Namecheap promotes themselves as cheap domain names registration, but they also offer a complete suite of services for anyone who wants to build and host their own website. All of their services are low cost, keeping with the “cheap” moniker.
Namecheap made quite a splash when they stepped up to the plate after the GoDaddy elephant fail. Bob Parsons’ loss was Namecheap’s gain. He made a buffoon of himself and alienated thousands of (former) customers. Namecheap raised over $20,000 to Save the Elephants in Africa, while they helped disgusted domain name owners transfer their names at a discount.
Pretty classy move for a company that bills itself as “cheap.” It’s actually a good title for the organization, as so many people looking to put up and run websites want to minimize their costs. If it’s a personal blog or website, you really can’t afford to be running private dedicated servers or paying outlandish fees for hosting or domains. Those hosting bills come due every month and even domain names renew yearly. The initial expense is just the start of it.
There are also the ups and extras to beware of. Some companies lure you in with a low price and then nickel and dime you to death with services you really need to operate. Namecheap is better than most at give you a feature-rich service for the stated price. For instance, with each domain name you register at the nominal $9.98 per year (.com) fee, you get the expected URL and email forwarding, DNS service and registrar lock. You also get Dynamic DNS support. But Namecheap also includes WhoisGuard Privacy Protect, a feature that many other domain registrars feel justified in charging extra for.
Privacy Protect keeps your personal information from showing up in the public Whois registry. Instead, anyone who tries to check you out in this service will see the address and phone number for Namecheap instead of you. If they want to write you, they must use a coded email that forwards to your real email. They’ll never see your actual email address so they can’t scrape it to send you spam. This services is free for a year with all new domain name purchases and transfers.
If you bought a domain name, then you probably want to do something with it. You could just forward it to refer through to your blog or Twitter account. You don’t need a hosting account to do that or to forward email from your domain name to your current email account. You can do that with the domain name settings. What if you’d like to actually have POP email for your computer using your domain name? Namecheap offers an email only hosting package for just $1.25 a month. You get 10 spam protected email addresses, 2,000 MB of storage, unlimited email aliases and autoresponders, Webmail and both POP3 and IMAP support.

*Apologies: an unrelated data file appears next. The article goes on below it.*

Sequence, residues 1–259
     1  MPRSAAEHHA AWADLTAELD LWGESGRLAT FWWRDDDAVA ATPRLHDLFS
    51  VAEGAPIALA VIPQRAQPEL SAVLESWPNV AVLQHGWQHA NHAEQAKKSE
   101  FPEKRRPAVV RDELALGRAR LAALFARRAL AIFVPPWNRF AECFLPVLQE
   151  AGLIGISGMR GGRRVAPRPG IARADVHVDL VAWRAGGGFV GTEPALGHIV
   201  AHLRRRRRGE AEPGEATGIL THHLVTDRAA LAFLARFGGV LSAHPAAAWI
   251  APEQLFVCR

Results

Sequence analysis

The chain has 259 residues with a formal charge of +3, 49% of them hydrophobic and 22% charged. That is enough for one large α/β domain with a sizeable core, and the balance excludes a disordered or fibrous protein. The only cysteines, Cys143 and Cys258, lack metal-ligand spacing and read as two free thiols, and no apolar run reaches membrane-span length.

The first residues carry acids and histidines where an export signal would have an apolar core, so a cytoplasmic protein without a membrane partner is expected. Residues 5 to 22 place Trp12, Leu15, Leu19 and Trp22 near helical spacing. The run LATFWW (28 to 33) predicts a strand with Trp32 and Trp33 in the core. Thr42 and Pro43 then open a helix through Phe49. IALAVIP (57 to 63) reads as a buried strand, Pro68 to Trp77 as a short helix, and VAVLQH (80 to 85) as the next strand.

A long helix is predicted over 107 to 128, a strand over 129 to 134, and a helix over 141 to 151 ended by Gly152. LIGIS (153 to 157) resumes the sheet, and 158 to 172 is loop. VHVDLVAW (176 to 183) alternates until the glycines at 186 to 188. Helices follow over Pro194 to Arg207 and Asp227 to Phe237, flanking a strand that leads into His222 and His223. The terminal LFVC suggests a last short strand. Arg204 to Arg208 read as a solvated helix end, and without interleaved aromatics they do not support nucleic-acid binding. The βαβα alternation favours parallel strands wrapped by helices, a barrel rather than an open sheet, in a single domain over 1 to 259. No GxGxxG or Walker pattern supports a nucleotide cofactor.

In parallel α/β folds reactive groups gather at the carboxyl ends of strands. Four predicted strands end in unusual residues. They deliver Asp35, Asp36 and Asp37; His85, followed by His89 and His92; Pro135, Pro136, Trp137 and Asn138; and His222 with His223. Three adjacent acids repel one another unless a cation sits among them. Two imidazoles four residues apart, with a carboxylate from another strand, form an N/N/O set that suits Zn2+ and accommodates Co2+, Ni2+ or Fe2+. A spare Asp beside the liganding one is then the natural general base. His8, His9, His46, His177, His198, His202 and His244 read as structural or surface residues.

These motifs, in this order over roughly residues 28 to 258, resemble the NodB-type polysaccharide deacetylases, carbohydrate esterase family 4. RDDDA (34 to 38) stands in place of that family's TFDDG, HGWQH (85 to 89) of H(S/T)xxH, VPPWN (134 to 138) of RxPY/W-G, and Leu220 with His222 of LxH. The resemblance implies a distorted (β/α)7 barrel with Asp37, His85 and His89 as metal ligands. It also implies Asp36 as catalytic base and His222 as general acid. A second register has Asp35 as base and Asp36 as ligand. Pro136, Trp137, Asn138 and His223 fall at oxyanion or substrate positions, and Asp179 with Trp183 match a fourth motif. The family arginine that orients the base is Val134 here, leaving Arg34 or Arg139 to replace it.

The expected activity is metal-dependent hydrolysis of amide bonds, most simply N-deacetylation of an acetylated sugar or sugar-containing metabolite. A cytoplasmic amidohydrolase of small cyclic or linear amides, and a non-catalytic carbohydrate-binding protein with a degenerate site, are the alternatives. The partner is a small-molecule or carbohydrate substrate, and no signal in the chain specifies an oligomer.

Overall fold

The next step up is to have some actual web page hosting space. For starters you can get a basic $2.55 a month package that includes 5 GB of disk space, 250 GB of bandwidth, the ability to host 2 domains and 30 subdomains, 5 FTP users, 50 POP3 email accounts, 15 MySQL databases and support for PHP and CGI. I remember when that used to be fairly impressive specs for a business account at at least 10x the price. This is quite a bargain for the individual or smaller business.
Namecheap has a variety of basic shared hosting services with progressively more disk space and bandwidth. Their business hosting starts at $24.17 a month and is limited to 50 users per server to improve performance for e-commerce and other demanding applications. This account includes support for unlimited domains, subdomains and email accounts. It’s whatever you can load into 100 GB of disk. The Elite package at $40 per month includes more bandwidth and a free dedicated IP address.
I’m a fan of reseller accounts and Namecheap has an impressive set of packages starting at $16.95 a month. The beauty of reseller hosting is that you can resell hosting accounts to make money or use them all yourself if you have many domains and websites. You get a Web Host Manager to control everything plus each account has its own control panel. That keeps one site from affecting another, just like you’d have with separate hosting services.
For larger companies, Namecheap has both Virtual Private Server (VPS) Hosting and Dedicated Hosting. VPS is based on virtualization. There are actually many virtual servers running on the actual hardware, but you deal only with one that can be independently rebooted. You get root access, a dedicated IP, DNS hosting, SSH access and free setup. You certainly don’t get that from every hosting company. Namecheap VPS is priced starting at $17.58 a month with choice of operating systems and 24/7 server monitoring.
The ultimate is dedicated hosting, of course. Unless you have a uniquely demanding application or are running a large enterprise operation, you probably won’t be looking in this league. Even so, having a dual core Intel-based server all to yourself starts at just $109 per month with 6 dedicated IP addresses. No long term commitments, either. You can go month to month with a rolling contract.
Are you looking for new domains and hosting or just steamed that you’re paying way more than you need to? You should take a look at all you get from Namecheap domain names and web hosting services.